Highway Cable Guards Can’t Stop Tragedy

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(Memphis) Eight families are unexpectedly planning funerals after their loved ones are killed in a horrific East Tennessee church bus crash on I-40.

A dozen are still in the hospital this afternoon.

Despite the tragedy it's not being investigated by the feds because of the government shutdown.

News Channel 3 investigated a similar crash three years ago involving cable guard rails.

Three hundred miles of Tennessee interstates have cable guard rails in the median.

The purpose of the rails is to keep vehicles from crossing the median causing head on collisions.

Yesterday, a church bus snapped the cables crossing into oncoming traffic where it hit a transfer truck and SUV.

Mississippi, Arkansas and Tennessee have spent tens of millions of dollars to put up this cable guards.

There’s no law requiring them, but the Tennessee Department of Transportation says they do it out of precaution in areas where there are a lot of wrecks.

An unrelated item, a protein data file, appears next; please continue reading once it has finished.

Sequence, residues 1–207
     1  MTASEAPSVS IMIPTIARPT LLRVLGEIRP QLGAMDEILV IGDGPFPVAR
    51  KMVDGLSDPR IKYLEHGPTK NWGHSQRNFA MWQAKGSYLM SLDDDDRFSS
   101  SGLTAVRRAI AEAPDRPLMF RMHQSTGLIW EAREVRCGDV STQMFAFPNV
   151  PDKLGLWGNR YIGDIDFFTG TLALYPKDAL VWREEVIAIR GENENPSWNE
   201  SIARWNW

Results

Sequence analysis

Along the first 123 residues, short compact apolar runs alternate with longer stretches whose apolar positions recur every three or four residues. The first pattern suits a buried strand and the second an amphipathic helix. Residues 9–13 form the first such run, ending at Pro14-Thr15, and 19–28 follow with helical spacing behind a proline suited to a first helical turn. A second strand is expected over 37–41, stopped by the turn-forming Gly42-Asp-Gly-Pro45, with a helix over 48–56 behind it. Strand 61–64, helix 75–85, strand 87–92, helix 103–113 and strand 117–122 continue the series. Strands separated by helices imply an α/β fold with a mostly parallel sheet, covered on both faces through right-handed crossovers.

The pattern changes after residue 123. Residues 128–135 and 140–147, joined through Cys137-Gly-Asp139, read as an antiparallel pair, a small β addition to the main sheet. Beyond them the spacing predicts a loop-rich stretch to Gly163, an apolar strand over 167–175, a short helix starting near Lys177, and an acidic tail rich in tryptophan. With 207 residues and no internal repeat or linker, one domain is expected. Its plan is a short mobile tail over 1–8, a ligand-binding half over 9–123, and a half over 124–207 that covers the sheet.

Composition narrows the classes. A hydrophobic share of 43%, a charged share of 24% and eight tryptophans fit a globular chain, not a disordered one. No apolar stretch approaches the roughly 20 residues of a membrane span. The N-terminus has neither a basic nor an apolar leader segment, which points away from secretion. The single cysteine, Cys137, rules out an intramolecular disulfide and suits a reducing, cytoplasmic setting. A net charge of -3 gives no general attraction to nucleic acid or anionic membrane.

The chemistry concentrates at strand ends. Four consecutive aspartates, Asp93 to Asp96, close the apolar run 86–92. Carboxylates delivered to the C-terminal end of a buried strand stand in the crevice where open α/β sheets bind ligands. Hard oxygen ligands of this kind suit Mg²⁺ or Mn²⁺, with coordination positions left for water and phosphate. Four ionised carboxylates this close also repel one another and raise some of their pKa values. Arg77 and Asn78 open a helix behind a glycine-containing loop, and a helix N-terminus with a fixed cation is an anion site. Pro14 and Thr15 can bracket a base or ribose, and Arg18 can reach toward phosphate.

“The cable barrier rails are designed to catch the misguided vehicle around the chassis or the grill or the bumper, but if you get the larger vehicles that are loaded they are not going to completely stop or redirect those vehicles,” said Nicole Lawrence with TDOT.

Tennessee Highway Patrolmen say the bus blew a tire and snapped right through the barrier crossing the median into oncoming traffic.

TDOT uses Level 4 cable which is recommended by the National Transportation Safety Board, but they claim it is most effective with lightweight vehicles and small trucks.

Though they can’t prevent all crashes, TDOT says the number of fatalities have been reduced because of the rails.

Keith Akers is driving to Colorado and doesn’t think we should discount the rails because of this tragedy.

“I would go with whatever the science says. I wouldn’t base it on one event,” said Akers.

Regina Guiles is driving with her family from Oklahoma and hopes this will make transportation officials reexamine safety measures--- because she knows how bad things can get.

“Just reckless with lane changes and stuff. The whole trip here I think we saw like 20 cars pulled over,” said Guiles.

Though the cable rails are most effective with lightweight vehicles, the national transportation safety board says nearly 20 percent of the accident involving median crossing involves heavy commercial vehicles.